In the times when I have actually considered working for someone else, I regularly saw job postings seeking those who can multitask. Since I have been doing homework and watching television, texting and having face-to-face conversations, sending e-mails and sitting in lectures for some time now, I felt I matched that description quite nicely.
Then I read William Deresiewicz’s SOLITUDE AND LEADERSHIP, a talk delivered to the plebe class at the United States Military Academy at West Point in October 2009. A great read - one part stood out (hence the purpose of this blog). He shared about research done at Stanford University regarding multitasking, and how “people do not multitask effectively… the more people multitask, the worse they are, not just at other mental abilities, but at multitasking itself.”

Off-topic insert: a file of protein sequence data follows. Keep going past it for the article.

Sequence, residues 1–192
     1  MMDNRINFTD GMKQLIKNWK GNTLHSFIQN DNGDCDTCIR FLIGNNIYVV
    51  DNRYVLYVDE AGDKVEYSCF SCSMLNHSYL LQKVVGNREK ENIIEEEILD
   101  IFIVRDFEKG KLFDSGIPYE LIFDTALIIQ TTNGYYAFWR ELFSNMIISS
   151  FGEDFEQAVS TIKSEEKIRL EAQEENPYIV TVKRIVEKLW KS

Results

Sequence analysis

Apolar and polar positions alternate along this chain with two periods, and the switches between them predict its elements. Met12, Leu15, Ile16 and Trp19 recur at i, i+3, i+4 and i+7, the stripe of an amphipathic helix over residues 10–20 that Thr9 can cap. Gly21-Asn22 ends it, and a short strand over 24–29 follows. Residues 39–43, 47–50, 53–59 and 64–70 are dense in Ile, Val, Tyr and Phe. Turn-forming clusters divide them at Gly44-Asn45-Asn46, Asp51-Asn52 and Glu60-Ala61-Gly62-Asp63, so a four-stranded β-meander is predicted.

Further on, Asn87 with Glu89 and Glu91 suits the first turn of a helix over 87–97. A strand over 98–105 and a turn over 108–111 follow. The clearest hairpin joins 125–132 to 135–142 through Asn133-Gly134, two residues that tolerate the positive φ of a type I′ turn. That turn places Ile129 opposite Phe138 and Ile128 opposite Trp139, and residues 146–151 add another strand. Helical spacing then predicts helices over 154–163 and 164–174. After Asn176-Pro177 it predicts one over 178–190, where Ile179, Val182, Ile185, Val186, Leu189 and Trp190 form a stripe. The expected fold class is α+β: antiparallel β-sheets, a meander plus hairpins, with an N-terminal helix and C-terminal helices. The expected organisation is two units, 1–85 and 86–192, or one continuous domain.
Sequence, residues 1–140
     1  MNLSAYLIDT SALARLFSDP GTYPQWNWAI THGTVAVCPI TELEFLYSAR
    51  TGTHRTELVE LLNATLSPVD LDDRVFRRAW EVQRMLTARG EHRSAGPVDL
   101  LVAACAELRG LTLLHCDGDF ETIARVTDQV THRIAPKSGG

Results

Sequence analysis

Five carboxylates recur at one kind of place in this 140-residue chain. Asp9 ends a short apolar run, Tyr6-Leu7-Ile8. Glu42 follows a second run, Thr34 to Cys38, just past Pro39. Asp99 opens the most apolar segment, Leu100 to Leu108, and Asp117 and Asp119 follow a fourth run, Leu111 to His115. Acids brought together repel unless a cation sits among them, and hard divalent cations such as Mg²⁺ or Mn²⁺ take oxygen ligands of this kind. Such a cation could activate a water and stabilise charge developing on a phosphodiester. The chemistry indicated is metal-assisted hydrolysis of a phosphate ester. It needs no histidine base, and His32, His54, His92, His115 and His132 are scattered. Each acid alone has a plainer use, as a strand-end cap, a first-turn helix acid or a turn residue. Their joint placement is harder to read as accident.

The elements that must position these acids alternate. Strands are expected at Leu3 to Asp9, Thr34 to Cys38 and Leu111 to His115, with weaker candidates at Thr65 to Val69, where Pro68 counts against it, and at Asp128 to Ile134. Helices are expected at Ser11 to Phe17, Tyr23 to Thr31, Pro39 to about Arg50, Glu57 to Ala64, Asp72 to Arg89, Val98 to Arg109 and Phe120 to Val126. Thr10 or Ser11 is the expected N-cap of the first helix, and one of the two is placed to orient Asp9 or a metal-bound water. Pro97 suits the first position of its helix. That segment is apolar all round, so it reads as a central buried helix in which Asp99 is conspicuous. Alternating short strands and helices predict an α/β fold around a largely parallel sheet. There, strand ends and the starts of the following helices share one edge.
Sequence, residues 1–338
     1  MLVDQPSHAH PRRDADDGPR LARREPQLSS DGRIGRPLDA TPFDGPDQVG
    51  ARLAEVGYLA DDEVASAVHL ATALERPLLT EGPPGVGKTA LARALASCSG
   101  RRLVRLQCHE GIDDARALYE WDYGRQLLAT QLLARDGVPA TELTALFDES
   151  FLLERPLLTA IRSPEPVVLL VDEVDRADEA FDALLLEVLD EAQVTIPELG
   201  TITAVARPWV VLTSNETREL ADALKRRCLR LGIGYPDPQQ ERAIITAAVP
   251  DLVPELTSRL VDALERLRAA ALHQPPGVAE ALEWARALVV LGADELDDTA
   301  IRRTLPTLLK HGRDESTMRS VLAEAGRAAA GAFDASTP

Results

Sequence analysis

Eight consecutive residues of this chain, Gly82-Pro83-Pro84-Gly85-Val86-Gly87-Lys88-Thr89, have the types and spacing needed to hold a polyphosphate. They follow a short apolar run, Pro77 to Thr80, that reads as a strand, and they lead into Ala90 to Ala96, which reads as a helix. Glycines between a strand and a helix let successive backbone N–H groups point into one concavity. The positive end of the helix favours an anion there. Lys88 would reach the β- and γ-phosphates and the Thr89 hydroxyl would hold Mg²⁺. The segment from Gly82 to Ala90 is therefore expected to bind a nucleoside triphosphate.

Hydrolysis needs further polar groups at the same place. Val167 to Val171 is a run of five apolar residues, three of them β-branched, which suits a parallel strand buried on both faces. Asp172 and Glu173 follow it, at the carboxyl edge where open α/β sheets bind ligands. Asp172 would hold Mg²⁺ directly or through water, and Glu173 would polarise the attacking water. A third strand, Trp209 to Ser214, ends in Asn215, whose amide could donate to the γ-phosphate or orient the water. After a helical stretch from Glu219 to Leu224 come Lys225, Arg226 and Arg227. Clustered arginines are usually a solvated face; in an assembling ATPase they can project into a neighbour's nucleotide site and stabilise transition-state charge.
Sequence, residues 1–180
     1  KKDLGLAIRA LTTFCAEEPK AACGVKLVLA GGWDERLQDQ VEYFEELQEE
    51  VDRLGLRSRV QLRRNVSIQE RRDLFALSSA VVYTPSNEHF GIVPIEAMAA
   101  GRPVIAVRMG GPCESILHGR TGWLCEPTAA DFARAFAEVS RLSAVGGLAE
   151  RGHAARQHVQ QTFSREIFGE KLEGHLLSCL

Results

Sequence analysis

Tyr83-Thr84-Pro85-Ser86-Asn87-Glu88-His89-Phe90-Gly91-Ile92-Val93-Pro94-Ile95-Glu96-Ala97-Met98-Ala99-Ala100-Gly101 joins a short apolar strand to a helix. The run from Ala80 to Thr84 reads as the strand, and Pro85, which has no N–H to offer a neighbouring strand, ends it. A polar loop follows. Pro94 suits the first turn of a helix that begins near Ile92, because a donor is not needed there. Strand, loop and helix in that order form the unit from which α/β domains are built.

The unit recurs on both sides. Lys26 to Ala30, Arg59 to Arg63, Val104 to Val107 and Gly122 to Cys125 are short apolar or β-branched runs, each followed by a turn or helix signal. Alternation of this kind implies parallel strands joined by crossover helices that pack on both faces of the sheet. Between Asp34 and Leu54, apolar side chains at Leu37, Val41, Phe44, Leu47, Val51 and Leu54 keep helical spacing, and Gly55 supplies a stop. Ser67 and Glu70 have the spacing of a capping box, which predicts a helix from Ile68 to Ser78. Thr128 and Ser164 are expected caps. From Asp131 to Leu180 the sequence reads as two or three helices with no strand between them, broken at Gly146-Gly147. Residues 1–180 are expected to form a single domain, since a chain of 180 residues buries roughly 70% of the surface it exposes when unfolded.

Until I read that, I’d say I was the Queen of Multitasking. Always working on more than one project at a time, completing various unrelated tasks in a day. But the more I considered it, the more I realized that I am always and only doing one thing at a time. When talking with a friend and a text comes to my phone, the moment I entertain my Blackberry screen, I have momentarily taken attention away from the conversation I was having with the friend. Though I’d like to say, “No, really, I AM listening,” the truth is, albeit brief, I wasn’t listening. Or when I’m in a conversation and the television is on; in intervals, I go in and out of the dialogue to see what I was missing on the tube.
The issue is even more intense when looking at all the things I say yes to. I’ll let my diagram do the illustrating. And you tell me, with the same 24 hours as you have in a day, am I really making a whole lot of progress?...